Pope Francis on Climate Change
Laudato Si’ is Pope Francis encyclical on Care for Creation. Sections 23 to 26 are devoted to climate change. See CARFLEO links to resources on this important encyclical. See also these resources:
“Climate Change and New Evidence from Science, Engineering, and Policy.” Meeting with Finance Ministers from Various Nations. Address of His Holiness Pope Francis. Monday, 27 May 2019.
Videos on Climate Change
The featured video features a beautiful depiction of an essay by Nicholas Tesla. Source: http://catholicecology.blogspot.ca/
Canadian Bishops Resources on Ecology including Climate Change
On the occasion of the third World Day of Prayer for the Care of Creation, the Episcopal Commission for Justice and Peace of the Canadian Conference of Catholic Bishops (CCCB) has published a new resource entitled Living Out Laudato Si’: A Commentary and Practical Resource for Canadian Catholics. The preface of the document, written by the Honourable Graydon Nicholas, CM ONB, former Lieutenant Governor of New Brunswick, from the Tobique First Nation, states that this new resource not only presents Catholic Social Teaching but “also raises many of the environmental difficulties facing Canadians today and challenges us to discuss them frankly.” The World day of Prayer for the Care of creation, celebrated on 1 September, was instituted in 2015 by Pope Francis.
The Canadian Catholic Bishops hope this resource would “help Catholics, whether individually or in groups, to engage more deeply with the challenge of Laudato Si’.” The resource is organized into six chapters, each based on one of the six chapters of the encyclical. Each chapter concludes with a series of reflection questions and resources for action, organized under the headings See, Learn, Pray, Act.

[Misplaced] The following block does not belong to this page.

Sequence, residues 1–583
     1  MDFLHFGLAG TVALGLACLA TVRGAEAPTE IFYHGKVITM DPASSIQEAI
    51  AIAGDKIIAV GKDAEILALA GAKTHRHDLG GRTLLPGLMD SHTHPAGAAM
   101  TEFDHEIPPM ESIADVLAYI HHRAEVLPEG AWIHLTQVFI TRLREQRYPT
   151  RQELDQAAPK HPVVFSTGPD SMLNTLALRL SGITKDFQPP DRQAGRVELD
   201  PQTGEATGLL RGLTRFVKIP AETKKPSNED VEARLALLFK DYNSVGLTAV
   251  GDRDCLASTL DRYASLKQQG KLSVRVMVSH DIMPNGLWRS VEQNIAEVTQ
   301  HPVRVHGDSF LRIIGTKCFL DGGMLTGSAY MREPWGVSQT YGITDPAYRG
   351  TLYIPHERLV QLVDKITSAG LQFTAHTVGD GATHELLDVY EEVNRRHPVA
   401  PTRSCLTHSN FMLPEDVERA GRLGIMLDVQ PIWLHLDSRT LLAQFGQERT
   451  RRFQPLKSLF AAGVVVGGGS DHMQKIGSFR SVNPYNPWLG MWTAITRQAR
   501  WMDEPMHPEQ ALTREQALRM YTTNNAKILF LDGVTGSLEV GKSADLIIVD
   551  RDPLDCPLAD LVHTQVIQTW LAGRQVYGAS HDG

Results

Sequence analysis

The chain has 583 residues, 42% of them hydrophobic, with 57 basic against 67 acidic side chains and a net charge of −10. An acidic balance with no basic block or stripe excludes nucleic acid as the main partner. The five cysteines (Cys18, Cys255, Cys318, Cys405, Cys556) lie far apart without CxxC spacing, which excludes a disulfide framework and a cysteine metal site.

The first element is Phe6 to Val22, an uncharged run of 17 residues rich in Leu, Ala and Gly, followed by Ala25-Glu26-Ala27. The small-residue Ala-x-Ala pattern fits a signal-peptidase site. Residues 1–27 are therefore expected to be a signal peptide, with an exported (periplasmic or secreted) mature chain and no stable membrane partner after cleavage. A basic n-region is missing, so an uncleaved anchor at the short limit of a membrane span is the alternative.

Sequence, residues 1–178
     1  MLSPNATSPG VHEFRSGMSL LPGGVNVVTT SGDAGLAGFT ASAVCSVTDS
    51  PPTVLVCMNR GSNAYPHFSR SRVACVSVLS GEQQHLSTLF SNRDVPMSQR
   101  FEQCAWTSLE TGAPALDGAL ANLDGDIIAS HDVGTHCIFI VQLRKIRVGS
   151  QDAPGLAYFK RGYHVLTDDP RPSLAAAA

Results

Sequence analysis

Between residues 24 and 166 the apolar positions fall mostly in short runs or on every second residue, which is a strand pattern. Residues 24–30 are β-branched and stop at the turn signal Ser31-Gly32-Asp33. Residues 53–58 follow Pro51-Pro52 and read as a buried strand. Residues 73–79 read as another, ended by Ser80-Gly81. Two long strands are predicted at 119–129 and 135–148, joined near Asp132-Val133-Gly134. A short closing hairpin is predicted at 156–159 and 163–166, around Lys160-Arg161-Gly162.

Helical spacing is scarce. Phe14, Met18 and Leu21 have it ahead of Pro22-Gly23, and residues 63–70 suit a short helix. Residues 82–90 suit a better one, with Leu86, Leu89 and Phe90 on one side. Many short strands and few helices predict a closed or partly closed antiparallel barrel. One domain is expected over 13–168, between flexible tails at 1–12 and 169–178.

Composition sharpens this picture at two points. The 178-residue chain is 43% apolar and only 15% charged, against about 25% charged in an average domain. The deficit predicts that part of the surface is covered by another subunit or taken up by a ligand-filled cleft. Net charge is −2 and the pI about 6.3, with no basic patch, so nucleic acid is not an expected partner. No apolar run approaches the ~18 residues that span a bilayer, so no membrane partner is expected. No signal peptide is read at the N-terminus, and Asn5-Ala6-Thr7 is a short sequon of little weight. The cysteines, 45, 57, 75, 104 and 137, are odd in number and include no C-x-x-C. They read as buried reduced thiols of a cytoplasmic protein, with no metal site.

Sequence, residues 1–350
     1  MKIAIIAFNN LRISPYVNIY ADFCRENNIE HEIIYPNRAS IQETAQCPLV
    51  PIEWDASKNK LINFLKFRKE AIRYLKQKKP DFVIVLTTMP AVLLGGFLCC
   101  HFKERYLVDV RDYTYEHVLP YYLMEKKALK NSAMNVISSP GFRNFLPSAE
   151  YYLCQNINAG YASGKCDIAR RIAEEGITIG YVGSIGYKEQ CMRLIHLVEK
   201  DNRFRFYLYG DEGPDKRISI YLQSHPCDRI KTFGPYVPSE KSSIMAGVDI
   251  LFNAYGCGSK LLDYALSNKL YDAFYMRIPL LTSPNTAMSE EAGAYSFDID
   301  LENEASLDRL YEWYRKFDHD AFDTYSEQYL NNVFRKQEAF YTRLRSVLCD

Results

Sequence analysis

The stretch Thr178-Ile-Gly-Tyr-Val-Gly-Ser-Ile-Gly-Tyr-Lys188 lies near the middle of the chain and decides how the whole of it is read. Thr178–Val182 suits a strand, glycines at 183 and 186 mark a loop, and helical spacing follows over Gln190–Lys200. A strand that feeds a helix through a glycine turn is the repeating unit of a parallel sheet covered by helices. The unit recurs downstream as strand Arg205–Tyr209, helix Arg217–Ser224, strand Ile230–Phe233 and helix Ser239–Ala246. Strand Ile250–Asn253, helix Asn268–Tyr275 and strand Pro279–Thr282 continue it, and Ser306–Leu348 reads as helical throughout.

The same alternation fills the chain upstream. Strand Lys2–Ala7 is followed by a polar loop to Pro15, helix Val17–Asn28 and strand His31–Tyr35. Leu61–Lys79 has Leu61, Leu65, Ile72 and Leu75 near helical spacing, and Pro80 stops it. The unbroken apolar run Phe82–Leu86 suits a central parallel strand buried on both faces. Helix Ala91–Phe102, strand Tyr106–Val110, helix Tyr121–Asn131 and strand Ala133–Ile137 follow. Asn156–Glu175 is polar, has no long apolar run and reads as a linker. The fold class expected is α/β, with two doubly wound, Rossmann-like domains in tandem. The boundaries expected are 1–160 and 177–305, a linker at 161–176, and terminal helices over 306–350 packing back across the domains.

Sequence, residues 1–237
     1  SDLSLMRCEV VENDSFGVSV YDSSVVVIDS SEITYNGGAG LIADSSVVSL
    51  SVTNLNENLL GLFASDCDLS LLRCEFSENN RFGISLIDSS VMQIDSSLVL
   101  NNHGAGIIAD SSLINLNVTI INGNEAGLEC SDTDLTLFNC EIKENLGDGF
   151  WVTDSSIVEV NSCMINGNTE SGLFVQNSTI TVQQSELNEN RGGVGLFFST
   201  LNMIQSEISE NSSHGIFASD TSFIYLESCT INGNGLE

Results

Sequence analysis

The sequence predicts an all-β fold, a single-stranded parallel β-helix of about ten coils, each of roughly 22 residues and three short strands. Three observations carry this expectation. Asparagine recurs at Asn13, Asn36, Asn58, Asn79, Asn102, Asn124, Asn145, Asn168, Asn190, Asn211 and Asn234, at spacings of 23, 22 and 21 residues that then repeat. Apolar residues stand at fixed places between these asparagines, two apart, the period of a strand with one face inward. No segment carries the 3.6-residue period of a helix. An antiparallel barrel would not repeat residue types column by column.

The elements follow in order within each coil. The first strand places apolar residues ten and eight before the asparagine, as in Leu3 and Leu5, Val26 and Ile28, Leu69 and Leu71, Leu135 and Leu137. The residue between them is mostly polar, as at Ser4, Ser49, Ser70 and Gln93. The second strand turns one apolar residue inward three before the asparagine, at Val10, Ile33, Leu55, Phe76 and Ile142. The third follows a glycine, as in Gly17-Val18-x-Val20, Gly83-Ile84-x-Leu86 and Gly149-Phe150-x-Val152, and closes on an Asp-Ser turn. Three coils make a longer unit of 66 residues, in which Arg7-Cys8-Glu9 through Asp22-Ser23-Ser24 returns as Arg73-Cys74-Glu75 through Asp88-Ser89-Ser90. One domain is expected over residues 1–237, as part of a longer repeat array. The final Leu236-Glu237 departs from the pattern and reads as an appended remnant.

The Bishops also express their desire that “this resource may allow both individuals and groups to take up Pope Francis’ invitation to engage in an open and honest conversation about our current crises concerning the environment, our economies and our societies.” They continue in expressing the wish that the use of this simple resource will be “a small part of your journey to a deeper faith and a life of greater solidarity with those who share our common home.”
The 30-page document, which is available only online, can be accessed on the CCCB website at http://www.cccb.ca/site/images/stories/pdf/Living_Out_Laudato_Si_En.pdf.
The CCCB has posted a summary of Catholic Themes on the Environment. From their website …
The world today is rightly concerned about the state of the environment. These concerns are shared by the Church. In his audience with Representatives of the Churches and Ecclesial Communities and of the Different Religions, after being elected to the See of Peter, Pope Francis said that “The Church is likewise conscious of the responsibility which all of us have for our world, for the whole of creation, which we must love and protect.